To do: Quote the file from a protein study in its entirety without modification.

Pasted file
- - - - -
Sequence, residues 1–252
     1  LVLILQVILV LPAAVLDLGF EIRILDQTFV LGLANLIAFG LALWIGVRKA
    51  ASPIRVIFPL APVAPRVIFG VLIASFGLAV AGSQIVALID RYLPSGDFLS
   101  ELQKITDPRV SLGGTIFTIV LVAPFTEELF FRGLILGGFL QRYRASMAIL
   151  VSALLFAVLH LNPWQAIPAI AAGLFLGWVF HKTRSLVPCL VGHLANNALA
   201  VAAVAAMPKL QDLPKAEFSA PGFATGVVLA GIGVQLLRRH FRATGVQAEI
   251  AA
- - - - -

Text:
Sequence, residues 1–252
     1  LVLILQVILV LPAAVLDLGF EIRILDQTFV LGLANLIAFG LALWIGVRKA
    51  ASPIRVIFPL APVAPRVIFG VLIASFGLAV AGSQIVALID RYLPSGDFLS
   101  ELQKITDPRV SLGGTIFTIV LVAPFTEELF FRGLILGGFL QRYRASMAIL
   151  VSALLFAVLH LNPWQAIPAI AAGLFLGWVF HKTRSLVPCL VGHLANNALA
   201  VAAVAAMPKL QDLPKAEFSA PGFATGVVLA GIGVQLLRRH FRATGVQAEI
   251  AA